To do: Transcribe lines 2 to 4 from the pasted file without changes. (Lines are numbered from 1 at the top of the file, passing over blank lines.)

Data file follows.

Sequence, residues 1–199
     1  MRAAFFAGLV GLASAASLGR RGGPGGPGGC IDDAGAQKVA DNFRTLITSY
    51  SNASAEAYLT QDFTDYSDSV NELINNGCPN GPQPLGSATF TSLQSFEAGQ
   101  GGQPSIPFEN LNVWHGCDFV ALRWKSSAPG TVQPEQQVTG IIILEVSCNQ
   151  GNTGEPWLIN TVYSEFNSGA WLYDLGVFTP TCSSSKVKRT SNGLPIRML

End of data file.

     1  MRAAFFAGLV GLASAASLGR RGGPGGPGGC IDDAGAQKVA DNFRTLITSY
    51  SNASAEAYLT QDFTDYSDSV NELINNGCPN GPQPLGSATF TSLQSFEAGQ
   101  GGQPSIPFEN LNVWHGCDFV ALRWKSSAPG TVQPEQQVTG IIILEVSCNQ